Found in 22 comments on Hacker News
inetsee · 2023-05-12 · Original thread
Yes, people do make mistakes; often. Airline pilots have long checklists of things they have to do before taking off, and more checklists for dealing with problems that inevitably crop up.

A doctor named Atul Gawande wrote a book named The Checklist Manifesto

Early in his career he did some research that showed that a simple pre-surgery checklist could reduce serious complications by more than a third.

yodon · 2021-03-26 · Original thread
If you're operating at a scale or in a domain where crisis-like issues are expected (which is probably true if you're asking a question like this), The Checklist Manifesto[0] is a great read.


muzani · 2020-08-24 · Original thread
It doesn't sound like you need a better app. It sounds like you need better technique. You've described a lot of things that can be done in Trello, but many of these are doable in similar apps like Pivotal Tracker or Todoist. I use Sublime Text's extension PlainTasks, but that might not meet your 'low cognitive load' requirement. Trello/Kanban seems like a multiplayer checklist.

I'm not sure if it helps but maybe check out The Checklist Manifesto (

samstave · 2019-04-17 · Original thread
The "checklist manifesto" is a staple in American Healthcare... And when I was consulting on hospital builds and go-live... this was the methodology we used.

MarkMc · 2019-04-17 · Original thread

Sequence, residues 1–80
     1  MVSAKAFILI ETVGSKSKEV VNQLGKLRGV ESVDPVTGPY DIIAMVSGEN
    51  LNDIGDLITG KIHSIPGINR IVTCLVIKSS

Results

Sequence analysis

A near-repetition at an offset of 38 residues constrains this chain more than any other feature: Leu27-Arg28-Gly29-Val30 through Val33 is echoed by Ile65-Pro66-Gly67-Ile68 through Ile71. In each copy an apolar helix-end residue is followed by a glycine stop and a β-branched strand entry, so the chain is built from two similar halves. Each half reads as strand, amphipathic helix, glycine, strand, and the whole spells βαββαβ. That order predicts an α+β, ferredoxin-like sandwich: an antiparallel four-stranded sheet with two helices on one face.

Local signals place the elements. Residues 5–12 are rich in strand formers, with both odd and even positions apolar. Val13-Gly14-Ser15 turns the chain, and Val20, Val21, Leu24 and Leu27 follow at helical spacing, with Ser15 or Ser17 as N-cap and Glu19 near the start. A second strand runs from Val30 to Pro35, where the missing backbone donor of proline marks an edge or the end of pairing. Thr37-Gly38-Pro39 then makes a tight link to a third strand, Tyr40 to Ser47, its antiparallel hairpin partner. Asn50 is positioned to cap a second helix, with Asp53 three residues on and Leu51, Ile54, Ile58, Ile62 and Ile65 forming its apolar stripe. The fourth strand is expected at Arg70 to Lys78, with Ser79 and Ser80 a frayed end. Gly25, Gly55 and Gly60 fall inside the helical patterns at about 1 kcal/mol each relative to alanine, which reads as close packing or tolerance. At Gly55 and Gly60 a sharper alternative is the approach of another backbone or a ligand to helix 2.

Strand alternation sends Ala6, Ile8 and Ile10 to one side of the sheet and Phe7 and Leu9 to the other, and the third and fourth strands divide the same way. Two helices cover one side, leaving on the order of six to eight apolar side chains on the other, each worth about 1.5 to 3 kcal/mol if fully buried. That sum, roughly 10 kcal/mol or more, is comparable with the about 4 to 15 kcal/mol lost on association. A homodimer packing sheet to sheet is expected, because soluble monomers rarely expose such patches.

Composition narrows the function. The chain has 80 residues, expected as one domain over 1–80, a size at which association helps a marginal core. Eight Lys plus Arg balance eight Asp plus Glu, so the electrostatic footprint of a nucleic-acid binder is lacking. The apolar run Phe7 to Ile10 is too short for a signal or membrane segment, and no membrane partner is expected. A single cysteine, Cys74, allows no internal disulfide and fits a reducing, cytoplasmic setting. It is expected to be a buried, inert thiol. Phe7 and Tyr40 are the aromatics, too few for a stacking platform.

A great book on this subject is The Checklist Manifesto [0]. An interesting point made in the book is that checklists help to correct the subtle psychological problems that occur in an operating theatre. Without a checklist a nurse who sees a potential problem might be hesitant to halt the procedure when the surgeon is ready to start. But with a checklist the surgeon must get explicit permission to begin from the nurse who is performing the checklist.


HankB99 · 2019-01-13 · Original thread
This patient survived. I worked in a hospital about 40 years ago. A young man came in with a laceration and required inpatient treatment. He was allergic to aspirin so the nurse gave him ASA (acetylsalicylic acid, AKA Aspirin.) He died. I wonder if that kind of thing still happens.

One effort to avoid this kind of problem is to use check lists. Book about that was published in 2009. (The Checklist Manifesto)

misiti3780 · 2017-02-01 · Original thread
As documented in this great book:

not just pilots ... doctors, nurses, etc.

sokoloff · 2016-05-06 · Original thread
There's significant argument in aviation community about how checklists should be designed as well.